Penn State Altoona May 2023 London Calling Dashboard

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“LONDON CALLING: ORDERING THE WORLD”

BRITISH LITERATURE, HISTORY, & CULTURE

ENGLISH 299, 499 or HISTORY 199

SPRING & SUMMER 2023

Drs. Laura Rotunno & Douglas Page                   

 

COURSE DESCRIPTION AND PURPOSE

"By seeing London, I have seen as much of life as the world can show."

 

"You find no man, at all intellectual, who is willing to leave London. No, Sir, when a man is tired of London, he is tired of life; for there is in London all that life can afford."

—Samuel Johnson

 

After this immersion in London, you may, very well, echo Johnson's sentiments. This course lets you, at the very least, test his ideas, because this Study Abroad experience will provide you the opportunity to enhance your knowledge and understanding of British literature, history, and culture through visiting key sites in the Greater London area. That is, a goal is to aid in your recognition of and ability to critically discuss the interrelationships between and cultural significance of British historical events, not just for Britain but for the rest of the world.

Designed to supplement and complement the readings and discussions undertaken in English 225N (WMNST 225N), 403, or 452 OR History 066 or 103, the course will explore different aspects of British historical and literary culture, ranging from the architectural to the intellectual. During the 1-credit spring course, we will do much in terms of practical preparation for the trip; however, beyond that, we will also challenge you to consider your goals in this travel and preparing you to be travelers who are curious about the sustainability efforts, efficiencies, and inefficiencies of the sites. While there will be numerous sites that will show us environmental sustainability efforts at work or needed, we’ll also be explore sites that will help us think about sustainability in terms of the sustainability of cities and communities (two of the UN Developmental Goals). Further goals for the summer/trip portion of this course include: 1) Undertaking international travel as a respectable representative of the U.S. and Penn State Altoona as well as a curious student of British history and culture; 2) Engaging elements of a familiar, yet foreign culture in a hands-on fashion; 3) Evaluating materials you have read in your prerequisite course(s) in respect to experiencing the sites, pieces of art, etc. that you will see in London; 4) Exercising your research, presentation, and writing skills.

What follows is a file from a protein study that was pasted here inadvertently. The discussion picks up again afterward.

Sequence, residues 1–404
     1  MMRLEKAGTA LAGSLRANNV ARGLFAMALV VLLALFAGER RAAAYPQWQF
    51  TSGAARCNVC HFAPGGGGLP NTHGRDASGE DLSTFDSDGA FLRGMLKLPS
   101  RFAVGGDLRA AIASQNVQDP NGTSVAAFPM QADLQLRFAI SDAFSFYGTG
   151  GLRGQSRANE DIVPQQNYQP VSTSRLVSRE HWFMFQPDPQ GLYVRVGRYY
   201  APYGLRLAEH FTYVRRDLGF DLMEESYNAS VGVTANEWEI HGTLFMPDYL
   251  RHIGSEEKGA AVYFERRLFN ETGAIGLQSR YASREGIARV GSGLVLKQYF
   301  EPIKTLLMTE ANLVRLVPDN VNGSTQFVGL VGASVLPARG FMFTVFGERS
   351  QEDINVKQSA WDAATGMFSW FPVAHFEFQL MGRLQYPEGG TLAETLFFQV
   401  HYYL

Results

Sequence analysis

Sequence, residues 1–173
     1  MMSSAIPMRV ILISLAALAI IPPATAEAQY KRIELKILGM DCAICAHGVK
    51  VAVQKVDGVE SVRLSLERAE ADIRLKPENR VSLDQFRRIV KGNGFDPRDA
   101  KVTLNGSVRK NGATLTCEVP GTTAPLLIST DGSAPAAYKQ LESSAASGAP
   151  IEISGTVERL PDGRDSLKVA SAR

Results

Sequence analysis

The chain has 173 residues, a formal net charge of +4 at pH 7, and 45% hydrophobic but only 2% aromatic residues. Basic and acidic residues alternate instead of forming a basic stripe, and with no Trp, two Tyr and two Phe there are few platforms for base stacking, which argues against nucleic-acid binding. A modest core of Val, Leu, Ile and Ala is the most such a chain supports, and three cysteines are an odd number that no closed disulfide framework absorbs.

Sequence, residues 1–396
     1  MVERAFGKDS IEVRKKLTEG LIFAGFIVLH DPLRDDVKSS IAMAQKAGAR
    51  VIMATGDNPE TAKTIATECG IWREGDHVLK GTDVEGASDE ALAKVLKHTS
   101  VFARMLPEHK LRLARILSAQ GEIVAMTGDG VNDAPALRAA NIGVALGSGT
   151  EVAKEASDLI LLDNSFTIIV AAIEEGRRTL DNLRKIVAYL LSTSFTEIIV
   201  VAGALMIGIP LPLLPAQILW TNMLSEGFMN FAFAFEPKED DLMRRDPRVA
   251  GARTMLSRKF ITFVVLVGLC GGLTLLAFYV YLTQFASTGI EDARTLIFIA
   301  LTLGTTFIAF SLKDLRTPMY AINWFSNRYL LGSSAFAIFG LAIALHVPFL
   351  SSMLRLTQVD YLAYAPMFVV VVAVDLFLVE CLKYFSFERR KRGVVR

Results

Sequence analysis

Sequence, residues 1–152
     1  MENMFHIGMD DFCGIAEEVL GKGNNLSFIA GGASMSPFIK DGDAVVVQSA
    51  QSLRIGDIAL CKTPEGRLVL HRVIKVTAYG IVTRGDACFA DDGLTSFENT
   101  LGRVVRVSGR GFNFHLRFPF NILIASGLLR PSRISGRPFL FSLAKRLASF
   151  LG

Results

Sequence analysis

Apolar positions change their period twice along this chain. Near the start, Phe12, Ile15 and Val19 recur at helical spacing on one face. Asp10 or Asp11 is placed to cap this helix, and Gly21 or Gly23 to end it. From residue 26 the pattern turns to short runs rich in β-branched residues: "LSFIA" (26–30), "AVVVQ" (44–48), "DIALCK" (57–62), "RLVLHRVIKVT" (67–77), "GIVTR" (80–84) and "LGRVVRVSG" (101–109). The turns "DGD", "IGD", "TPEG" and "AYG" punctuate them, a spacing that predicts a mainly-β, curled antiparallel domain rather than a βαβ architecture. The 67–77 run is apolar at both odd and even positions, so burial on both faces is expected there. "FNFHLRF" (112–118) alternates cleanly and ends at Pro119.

Galleries, Timelines, and Maps

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Individual Entries

Chronology Entry
Posted by Noah Meckes on Tuesday, April 18, 2023 - 11:50
Place
Posted by Margaret Wetzel on Tuesday, April 18, 2023 - 11:50

Russell Square was established in 1801 by Francis Russell, the fifth Duke of Bedford. It was the centerpiece of Russell’s development plan for Bloomsbury to increase economic activity. This plan was extremely successful. Russell Square was the largest square in London at the time, and one of the most desirable places to live in. Russell Square quickly became home to the highest of society...

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Place
Posted by Noah Meckes on Tuesday, April 18, 2023 - 11:50